Much of the Forum is missing due to its stone being harvested for other projects, such as St. Peter’s Basilica. But interestingly, much of it survives despite thousands of years, looting, earthquakes, and weather. One reason could be that companies were accountable for their construction and materials, so they did an excellent job. Today stamps on bricks can be seen, showing the name of the factory in which they were produced.

Looking over the Roman Forum from the gardens of Caligula’s Palace. The Arch of Septimius Severus is top center and near the end of the Forum grounds. In the background I spot the same intriguing statues on top of a building that I noticed during breakfast.

It was a good choice to explore Palatine Hill first, because from up there we got a good look at the Forum before we entered it. Once we returned to the valley, we walked from end to end, from Arcito di Tito on the East side to Arco di Settimio Severo on the West side. It was a hot and humid day and for generally fit Pedro and I, we still sought out tiny scraps of shade and a rare stone available for sitting. After two hours at the Colosseum we spent another two hours walking the grounds of the Palatine Hill and the Forum.

The view from above…
…and the view from below.

All the tourists were too hot and too fatigued, and we smiled at other red faces and forgave each other when we got in each other’s way. There was plenty of water, thanks to the city of Rome and to a big sign along the Via Sacra that mapped all the free water spigot sites. But it was warm (due to the weather) tap water, and at one point Pedro craved cold water from a vending machine that we found somewhat in the center of the place. We stood in line there for a good 15 minutes behind a German woman with two hot and tired toddlers, bless her heart. They were begging for chocolate and water, and it appeared that she had never used a vending machine in her life, as each attempt to retrieve an item was fraught with confusion and challenges like trying to insert a credit card into the bank note slot. Each attempt became more difficult as the children’s wails became more insistent. We waited with another couple behind the small and determined family, then finally chuckled to ourselves – glad we had no children to look after – and left them to go find another warm water spigot.

I just LOOOOOVED these chariot grooves carved into a street on the way to the vending machine.

The path we had been following led us away from the Colosseum. All the way at the western end there is a type of natural stop, since the Forum is in a sort of valley bound on the south and west by hills. We climbed the rise past the Arch of Septimius Severus and up to the remains of the Temple of Saturn. Then we found a path up and out. We saw the gate was unmanned but it was the kind that was exit-only. Pedro and I glanced at each other for confirmation, and yes, we were both ready to exit and to go find a place to sit and to eat.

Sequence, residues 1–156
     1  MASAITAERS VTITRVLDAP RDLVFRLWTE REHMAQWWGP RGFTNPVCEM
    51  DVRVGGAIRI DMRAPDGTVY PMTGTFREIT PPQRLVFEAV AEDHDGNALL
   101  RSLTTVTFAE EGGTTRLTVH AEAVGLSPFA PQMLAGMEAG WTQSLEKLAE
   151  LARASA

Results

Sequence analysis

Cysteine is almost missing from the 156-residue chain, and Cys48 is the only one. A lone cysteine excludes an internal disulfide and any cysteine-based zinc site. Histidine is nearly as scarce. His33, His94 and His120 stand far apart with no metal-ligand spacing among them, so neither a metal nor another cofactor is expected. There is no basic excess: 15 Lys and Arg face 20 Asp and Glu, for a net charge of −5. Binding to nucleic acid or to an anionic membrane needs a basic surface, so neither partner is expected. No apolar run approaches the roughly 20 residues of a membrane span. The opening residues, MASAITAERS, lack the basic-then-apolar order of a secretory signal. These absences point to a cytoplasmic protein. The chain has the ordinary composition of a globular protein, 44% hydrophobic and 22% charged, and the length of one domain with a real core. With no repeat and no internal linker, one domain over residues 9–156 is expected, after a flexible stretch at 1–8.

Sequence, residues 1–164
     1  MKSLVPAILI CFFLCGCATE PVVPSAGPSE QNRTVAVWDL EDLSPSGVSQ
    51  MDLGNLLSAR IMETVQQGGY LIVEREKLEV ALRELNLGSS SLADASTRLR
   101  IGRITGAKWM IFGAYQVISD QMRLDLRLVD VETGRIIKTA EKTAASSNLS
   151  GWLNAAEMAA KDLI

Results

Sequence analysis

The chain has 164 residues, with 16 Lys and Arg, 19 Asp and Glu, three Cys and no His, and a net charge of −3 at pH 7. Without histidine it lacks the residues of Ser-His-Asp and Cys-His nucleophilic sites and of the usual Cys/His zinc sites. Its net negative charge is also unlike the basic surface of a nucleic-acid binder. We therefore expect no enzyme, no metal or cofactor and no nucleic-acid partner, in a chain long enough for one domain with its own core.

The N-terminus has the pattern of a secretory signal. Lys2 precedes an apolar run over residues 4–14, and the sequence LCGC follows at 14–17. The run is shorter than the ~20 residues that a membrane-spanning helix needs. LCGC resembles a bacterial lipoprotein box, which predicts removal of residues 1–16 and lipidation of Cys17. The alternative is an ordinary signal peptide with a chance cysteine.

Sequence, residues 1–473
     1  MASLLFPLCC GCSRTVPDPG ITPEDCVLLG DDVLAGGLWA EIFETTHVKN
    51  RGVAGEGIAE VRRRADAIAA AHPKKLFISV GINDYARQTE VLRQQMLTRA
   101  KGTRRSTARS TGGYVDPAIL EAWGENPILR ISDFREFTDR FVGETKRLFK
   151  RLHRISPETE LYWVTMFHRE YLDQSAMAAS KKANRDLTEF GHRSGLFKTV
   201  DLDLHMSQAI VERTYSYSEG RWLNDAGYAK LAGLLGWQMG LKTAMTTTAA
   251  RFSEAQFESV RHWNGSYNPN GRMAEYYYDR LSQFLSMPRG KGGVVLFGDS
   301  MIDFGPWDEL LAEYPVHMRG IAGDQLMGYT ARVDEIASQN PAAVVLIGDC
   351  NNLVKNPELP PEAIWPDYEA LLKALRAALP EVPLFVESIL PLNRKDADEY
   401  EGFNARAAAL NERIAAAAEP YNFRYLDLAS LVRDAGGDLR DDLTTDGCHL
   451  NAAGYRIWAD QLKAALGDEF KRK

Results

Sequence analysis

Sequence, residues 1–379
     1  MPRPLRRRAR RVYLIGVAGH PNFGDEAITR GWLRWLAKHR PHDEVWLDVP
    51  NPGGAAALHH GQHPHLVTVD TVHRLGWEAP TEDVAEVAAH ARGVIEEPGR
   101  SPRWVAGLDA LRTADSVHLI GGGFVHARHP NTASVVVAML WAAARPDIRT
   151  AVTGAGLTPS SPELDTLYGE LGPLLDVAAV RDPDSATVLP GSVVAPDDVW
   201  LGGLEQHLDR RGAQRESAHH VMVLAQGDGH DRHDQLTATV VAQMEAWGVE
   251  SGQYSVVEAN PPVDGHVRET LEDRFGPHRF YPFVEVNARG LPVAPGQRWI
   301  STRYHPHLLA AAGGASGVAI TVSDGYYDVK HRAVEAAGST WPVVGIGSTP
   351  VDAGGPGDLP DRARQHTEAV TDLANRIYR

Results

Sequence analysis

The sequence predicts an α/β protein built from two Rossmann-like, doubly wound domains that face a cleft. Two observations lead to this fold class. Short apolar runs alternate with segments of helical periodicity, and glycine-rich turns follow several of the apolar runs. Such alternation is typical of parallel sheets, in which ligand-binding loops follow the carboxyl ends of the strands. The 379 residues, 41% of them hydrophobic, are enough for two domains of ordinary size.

From the western hill, looking north past the ruins of the Temple of Saturn.
From the western hill, looking east all the way across the Forum to the Colosseum, where we had started in the morning. Palatine Hill is on the right.

Then we found ourselves alone on the streets of Rome with no idea of which direction to go. But we had lots of time before our next appointment, so we were unconcerned and unhurried, and we made our way up the hill to see what else we could see. Hopefully one of those sights would include a restaurant with copious seating.

18 thoughts on “Roman Colosseum and Forum

  1. Absolutely beautiful photos, Crystal. Now I see what I’ve been missing. That tourist took a stunning photo of you two. You both look so happy and lovely. There are too many other favourites to mention, but that gallery of the Palatine hill is stunning in its entirety and makes me wish to go there so much.

    1. I am so glad you got the right impression from the Palatine gallery. I must have about 30 photos just from there, and tried to choose only a few (I indulged myself with two photos of the lizard!) that would show what it was like up there. For example there is a much better shot of the skate park, but it doesn’t show the ruins as well. Anyway, yes, I think you would love Palatine Hill. It’s less crowded; it’s peaceful; it’s lovely. The area is very large and over by Caligula’s Palace, the gardens are actually cared for and there is a large paved plaza. My guess is that it may be occasionally used for some gatherings or events. I hope you find an opportunity to go there sometime. I want to do all of it again someday, because it’s just so huge we didn’t see it all.

      Thanks for the compliment on the photo. I like it too. ❤

  2. Many years ago we were in Athens with two small children during a heat wave, so I know how that German mother must have felt.